I’ve been playing professional golf for just over two years now, spending most of my time playing the Asian Tour, PGA Tour China, PGA Tour of Australasia and the Asian Development Tour.
When I first turned professional I expected things to be a lot different to what I have realised they are. In Australia, I grew up in a small country town and learned to play golf with the older members of my home club, Mansfield Golf Club.
I used to think to myself, these guys were real sticklers for the rules and etiquette of golf. I now understand why and I’m very appreciative I was brought up to respect and play by the rules, and demonstrate correct etiquette.
It has certainly been a shock to my system during the past two years. As a rough estimate, I would say I have witnessed or heard from fellow players of over 50 incidents of cheating.
As a quick run down, I’ve decided to mention nine incidents I have seen personally.
- I have caught a player dropping an extra ball when he couldn’t find his original ball in the rough, then to only receive a two-shot penalty even though I had found his original ball. After the round while we were in the official’s office discussing it, I was against not only the player but his father, who was his caddie for the day. My character was questioned and both the player and his father stood firm that the player had not done a single thing wrong. This was let go by the rules officials.
- In a similar incident recently, a player found his ball very suspiciously when we had all stopped looking – he had gone to his bag for another ball.
- I have witnessed at least 12 players grounding their club in a hazard and not even blinking an eye or thinking of calling a penalty on themselves.
- I have played with golfers numerous times who, when it comes to the last few holes before the cut, were checking progressive scores on their phone to see what they needed to do. I’m aware that’s not completely incriminating, but it’s still suspicious.
- I’ve had several players who wanted check if their ball was embedded in the rough by marking it, picking up the ball, and replacing it in a better lie, knowing the ball was never embedded.
- I have seen relief being taken from water hazards at a 90-degree angle to where the ball landed in the water – not where it last crossed the hazard. This happens regularly; players never drop anywhere near where the ball last crossed the hazard line and rules officials allow this to happen.
- I caught a player on the green marking his ball on the side of the ball, only to replace it at least an inch directly in front of his marker.
- I have seen a player arrive eight minutes past his tee time, but still given the all clear to play.
- I have seen a golfer play an incorrect and then try to sign for an incorrect score, only to be found out for the rules violation and that his own ball had gone in a water hazard. This only occurred when players were escorted back out to the hole after the round and his original ball was found in the water.
These are only incidents I have personally seen. If I was to list every incident I had heard from other players, you would be reading a rather large article.
I can’t speak for tours I have never played on, and wouldn’t try to tarnish our great game without personal evidence. But cheating is commonly occurring in the professional game on the tours that I do compete on.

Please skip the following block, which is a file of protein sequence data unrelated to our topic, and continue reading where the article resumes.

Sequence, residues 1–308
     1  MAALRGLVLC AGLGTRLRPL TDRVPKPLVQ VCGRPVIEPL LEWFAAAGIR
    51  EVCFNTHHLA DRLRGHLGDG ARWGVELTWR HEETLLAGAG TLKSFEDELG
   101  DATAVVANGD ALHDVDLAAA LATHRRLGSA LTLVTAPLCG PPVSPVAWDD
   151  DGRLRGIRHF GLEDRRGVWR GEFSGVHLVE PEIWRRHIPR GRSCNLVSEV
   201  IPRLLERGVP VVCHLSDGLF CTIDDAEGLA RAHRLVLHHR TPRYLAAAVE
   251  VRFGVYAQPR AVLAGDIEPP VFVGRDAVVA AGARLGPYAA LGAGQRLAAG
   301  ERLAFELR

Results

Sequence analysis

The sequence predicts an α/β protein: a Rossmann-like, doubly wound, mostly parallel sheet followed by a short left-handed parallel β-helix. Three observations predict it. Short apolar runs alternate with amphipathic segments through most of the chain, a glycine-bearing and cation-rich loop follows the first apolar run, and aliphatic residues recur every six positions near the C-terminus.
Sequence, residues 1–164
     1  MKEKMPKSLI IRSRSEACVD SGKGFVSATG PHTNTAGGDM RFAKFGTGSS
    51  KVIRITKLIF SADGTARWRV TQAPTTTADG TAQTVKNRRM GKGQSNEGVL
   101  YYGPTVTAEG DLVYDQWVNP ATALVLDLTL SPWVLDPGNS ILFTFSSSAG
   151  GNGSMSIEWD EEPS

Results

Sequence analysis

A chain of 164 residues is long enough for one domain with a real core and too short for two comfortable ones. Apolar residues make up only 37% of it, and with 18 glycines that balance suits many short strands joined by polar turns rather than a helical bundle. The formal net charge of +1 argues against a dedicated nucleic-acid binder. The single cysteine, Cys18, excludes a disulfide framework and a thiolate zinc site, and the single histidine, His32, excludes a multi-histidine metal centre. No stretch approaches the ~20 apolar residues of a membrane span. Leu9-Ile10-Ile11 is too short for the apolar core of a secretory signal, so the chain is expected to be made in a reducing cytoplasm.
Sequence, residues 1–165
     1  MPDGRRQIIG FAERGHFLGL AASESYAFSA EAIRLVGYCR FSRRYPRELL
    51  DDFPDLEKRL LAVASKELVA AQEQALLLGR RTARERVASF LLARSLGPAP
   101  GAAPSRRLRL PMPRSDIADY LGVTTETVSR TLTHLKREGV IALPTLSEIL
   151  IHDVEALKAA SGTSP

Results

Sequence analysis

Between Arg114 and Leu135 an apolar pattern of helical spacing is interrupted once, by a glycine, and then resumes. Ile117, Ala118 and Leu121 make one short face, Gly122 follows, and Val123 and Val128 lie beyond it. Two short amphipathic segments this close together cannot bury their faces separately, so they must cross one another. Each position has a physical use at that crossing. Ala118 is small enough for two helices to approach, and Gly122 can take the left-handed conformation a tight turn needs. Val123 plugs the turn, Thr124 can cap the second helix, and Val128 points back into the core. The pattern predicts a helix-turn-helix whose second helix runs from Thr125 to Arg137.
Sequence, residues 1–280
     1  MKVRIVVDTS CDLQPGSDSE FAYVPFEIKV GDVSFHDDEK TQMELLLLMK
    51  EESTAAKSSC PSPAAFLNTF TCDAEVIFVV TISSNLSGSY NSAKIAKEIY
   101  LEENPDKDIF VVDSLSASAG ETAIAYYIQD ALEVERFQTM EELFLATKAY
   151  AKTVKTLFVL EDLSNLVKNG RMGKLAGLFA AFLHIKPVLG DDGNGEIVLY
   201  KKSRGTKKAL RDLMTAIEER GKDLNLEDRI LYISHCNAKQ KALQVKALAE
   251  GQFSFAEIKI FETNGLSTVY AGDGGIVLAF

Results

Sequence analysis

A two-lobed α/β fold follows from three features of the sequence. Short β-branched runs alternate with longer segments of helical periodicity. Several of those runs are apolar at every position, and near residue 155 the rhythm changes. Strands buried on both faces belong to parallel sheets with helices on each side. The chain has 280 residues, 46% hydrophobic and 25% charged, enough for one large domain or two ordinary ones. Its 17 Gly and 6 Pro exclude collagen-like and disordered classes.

A lot of players can keep playing after witnessing incidents like this and not let it affect their own game. I, and many other tour pros, cannot let it go. We feel like banging our heads against the wall while out competing.
I take it upon myself to watch every move a player in my group makes and admittedly, it takes away from my own game. Each week, I’d guess there are at least two or three issues me and my group of mates on tour talk about. Most of the time it’s the cheating players themselves to blame. However, sometimes the rules officials are also the problem. There are many underqualified rules officials who are too lenient and allow free drops to be taken – a clear slap in the face to the rules of the game.
We are playing for a living as professional golfers and cheating on the course is stealing in the workplace. The integrity of the game is compromised and it’s extremely frustrating for the players who actually adhere to the rules.
Not only are we being stolen from, but other things such as world rankings and qualification for future tournaments (even the Olympics) is affected. The culture with respect to the rules needs to change. The players and officials need to be brought up to speed with the Rules of Golf, and told that respecting these laws is what makes our game so great.
The PGA of Australia leads the way in world golf as it has a great initiative where all new members must complete an online rules course before being able to enter new tournaments – something I believe all tours should copy. It’s neither tough nor time consuming, but is a great refresher for the players.
Cheating is such a silenced topic in golf and when somebody is questioned about a rules violation, it’s as if the person following the rules is committing the crime.It must start from the top with regards to enforcing these changes and needs to involve all players. I don’t believe it would be a hard thing to implement – just a few player meetings and discussions around the rules, and the obligation of players to complete rules courses. A roll-on effect is waiting for referees, and therefore slowing down play, is also eliminated.
This can affect more than just tour players. It affects the integrity of the sport and can filter down to things such as losing sponsors.
It is each individual’s responsibility to follow the rules and playing partners to enforce the rules of our magnificent game before golf’s reputation is tarnished beyond repair.